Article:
Angela Morley


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Music from Heaven

Record review by Ron Simmonds

The recent issue of the CD Cinema Serenade 2 — The Golden Age features the Boston Pops Orchestra conducted by John Williams, with Itzhak Perlman, solo violin. The scoring is by John Williams and Angela Morley, with one arrangement by Richard Rodney Bennett.

The example is taken from the introduction and first stanza of David Raksin’s Laura (Robbins Music) scored by Angela Morley. The best way to study this would be to copy it out with your music writing software (took me 15 minutes). By doing this alone you will see just how complex these few bars turn out to be, and with what loving care Angela has composed them.

It would not serve my purpose to simply lay down a string of chord symbols under the example. Such beautiful music deserves more than that. I’ll try and explain what is going on, bar by bar. (The bowing marks have been omitted for clarity.)

The solo flute run is on the whole–tone scale. The following plaintive melody is on the tritone F to B, with the oboe repeating it a minor third lower. The strings in bar 2 play a cluster on a B7; in bar 3 on a Cmaj7. This would sound massive if played by brass: with strings it produces a shimmering carpet under the solo woodwinds. The second violin tremolo enhances the effect.

The lead–in of the solo violin is composed of alternate semitone and whole tone steps. In bar 6 the famous tune begins over the strings playing a Cmaj7 inversion. The first violins shift slowly here between flattened fifth and fifth (lydian and major). In the next bar they move slowly down to the D7(b9). The stunning effect that follows in bar 8 could be spelled as one of several chords. With the G bass it could be a Gm+5. It could also be an Eb7(+11). Whatever it is holds one in suspense until the G chord of the next bar. But even this is altering all the time. There is constant movement in this score. Bar 10 is a Gm7. Here the double basses enter for the first time, enormously enriching all of the subsequent harmonies. Note, then, how the score has built downwards, from high solo flute, through the oboe, solo violin, the delicate downward progressing harmonies to the full richness of the string ensemble.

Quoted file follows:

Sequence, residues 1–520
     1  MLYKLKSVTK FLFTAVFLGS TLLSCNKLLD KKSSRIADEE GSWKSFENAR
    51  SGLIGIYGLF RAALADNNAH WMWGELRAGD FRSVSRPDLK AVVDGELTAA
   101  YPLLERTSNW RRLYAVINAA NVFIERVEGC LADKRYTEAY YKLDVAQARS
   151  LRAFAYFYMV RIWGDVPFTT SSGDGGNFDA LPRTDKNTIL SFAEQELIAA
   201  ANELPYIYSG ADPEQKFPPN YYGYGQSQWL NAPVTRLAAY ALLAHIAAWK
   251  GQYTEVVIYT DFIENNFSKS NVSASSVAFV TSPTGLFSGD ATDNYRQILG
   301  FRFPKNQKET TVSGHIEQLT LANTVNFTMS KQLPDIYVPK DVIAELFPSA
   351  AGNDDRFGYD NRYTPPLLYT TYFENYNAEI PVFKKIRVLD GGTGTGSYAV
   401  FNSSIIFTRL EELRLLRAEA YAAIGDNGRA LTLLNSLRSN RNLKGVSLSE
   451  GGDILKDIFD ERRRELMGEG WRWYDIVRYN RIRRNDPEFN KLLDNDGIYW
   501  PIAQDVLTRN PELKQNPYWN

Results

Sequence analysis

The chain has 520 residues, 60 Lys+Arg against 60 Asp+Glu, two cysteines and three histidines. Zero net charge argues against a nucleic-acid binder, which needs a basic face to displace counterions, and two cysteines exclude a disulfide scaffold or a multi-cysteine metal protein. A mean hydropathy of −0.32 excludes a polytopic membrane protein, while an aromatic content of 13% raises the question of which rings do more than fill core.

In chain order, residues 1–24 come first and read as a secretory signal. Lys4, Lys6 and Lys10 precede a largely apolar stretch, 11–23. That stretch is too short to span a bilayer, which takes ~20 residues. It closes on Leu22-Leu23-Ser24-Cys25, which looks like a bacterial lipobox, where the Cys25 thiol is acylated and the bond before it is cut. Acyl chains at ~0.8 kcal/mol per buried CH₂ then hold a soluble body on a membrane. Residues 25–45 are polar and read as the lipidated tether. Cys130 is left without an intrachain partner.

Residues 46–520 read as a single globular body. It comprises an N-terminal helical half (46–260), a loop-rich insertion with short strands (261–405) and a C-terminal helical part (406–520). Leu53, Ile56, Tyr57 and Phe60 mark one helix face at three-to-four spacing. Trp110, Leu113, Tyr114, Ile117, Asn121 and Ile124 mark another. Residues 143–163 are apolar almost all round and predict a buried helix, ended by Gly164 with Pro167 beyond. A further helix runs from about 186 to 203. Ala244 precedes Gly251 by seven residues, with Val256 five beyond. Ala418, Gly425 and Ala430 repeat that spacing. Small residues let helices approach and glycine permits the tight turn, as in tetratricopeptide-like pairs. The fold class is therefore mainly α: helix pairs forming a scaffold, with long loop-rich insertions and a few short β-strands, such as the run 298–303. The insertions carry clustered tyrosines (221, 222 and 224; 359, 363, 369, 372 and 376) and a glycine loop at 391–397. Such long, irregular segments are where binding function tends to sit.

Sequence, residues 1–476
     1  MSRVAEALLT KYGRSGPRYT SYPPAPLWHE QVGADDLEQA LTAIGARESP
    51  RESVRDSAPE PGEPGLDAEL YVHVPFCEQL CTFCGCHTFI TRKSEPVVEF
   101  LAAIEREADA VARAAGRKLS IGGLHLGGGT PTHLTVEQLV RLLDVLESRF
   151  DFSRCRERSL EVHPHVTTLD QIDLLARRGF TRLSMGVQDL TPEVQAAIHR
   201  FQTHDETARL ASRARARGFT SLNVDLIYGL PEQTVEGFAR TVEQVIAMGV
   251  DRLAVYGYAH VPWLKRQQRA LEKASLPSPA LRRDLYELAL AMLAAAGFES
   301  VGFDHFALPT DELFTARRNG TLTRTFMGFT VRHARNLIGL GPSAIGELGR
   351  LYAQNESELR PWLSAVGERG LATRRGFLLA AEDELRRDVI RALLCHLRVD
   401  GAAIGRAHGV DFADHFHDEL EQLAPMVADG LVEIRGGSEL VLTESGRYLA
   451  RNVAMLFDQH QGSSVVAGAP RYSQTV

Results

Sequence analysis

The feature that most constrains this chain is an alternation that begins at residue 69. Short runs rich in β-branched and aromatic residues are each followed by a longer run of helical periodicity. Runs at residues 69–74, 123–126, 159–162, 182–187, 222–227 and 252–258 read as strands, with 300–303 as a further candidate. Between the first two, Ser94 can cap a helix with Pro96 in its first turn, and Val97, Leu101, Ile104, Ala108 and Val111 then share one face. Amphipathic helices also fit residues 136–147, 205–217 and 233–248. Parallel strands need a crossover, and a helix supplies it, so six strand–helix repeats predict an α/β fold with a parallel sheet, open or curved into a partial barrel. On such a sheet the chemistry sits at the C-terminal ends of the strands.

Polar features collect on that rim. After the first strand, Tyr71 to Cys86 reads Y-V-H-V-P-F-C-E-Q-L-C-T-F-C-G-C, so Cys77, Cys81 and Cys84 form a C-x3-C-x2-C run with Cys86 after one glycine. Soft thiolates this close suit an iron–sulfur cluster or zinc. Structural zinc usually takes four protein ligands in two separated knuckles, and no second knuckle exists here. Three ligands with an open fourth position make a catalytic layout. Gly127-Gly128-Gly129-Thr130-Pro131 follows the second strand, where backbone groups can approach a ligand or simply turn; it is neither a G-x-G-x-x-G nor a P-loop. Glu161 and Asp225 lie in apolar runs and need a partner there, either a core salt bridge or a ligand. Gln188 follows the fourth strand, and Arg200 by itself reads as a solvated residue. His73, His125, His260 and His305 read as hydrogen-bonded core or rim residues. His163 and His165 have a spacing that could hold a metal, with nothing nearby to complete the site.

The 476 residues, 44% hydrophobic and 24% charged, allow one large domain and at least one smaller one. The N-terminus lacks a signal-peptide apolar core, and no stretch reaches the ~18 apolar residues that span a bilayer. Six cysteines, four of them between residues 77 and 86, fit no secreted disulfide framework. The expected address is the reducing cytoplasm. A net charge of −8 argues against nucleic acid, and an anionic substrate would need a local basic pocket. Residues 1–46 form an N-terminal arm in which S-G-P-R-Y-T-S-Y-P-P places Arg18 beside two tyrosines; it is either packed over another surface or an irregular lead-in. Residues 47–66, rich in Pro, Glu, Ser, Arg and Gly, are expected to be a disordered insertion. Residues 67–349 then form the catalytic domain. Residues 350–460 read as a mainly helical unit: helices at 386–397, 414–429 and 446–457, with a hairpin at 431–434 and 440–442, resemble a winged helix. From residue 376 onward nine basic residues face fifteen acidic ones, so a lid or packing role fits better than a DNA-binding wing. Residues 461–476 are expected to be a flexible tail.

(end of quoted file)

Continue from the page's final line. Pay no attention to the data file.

Bar 11 has a C7(b9)sus4 for half a bar. There follows a delightful violin and cello movement through the F chord spread over two measures. In bar 14 the second desk of Violin II plays the 11th of the Fm11. Bar 15 has another sustained 4th, this time in a Bb7(b9). This resolves to a plain G triad over an Eb bass, resolving on the final beat of the bar to an Eb chord. Bars 17 to 19 shift through Eb, A and D chords to the bass B of bar 20. Here the solo violin, first violins and viola hold a unison D while the second violins and cello progress gently upwards from fifth to tonic. The utter simplicity of this bar paves the way for the massive sound in the following measure: an enormous E7 with raised and lowered 9th and raised 5th.

Over this superb string writing Itzhak Perlman soars like an angel. If his playing, and Angela’s beautiful background don’t stir your emotions, then I don’t know what will.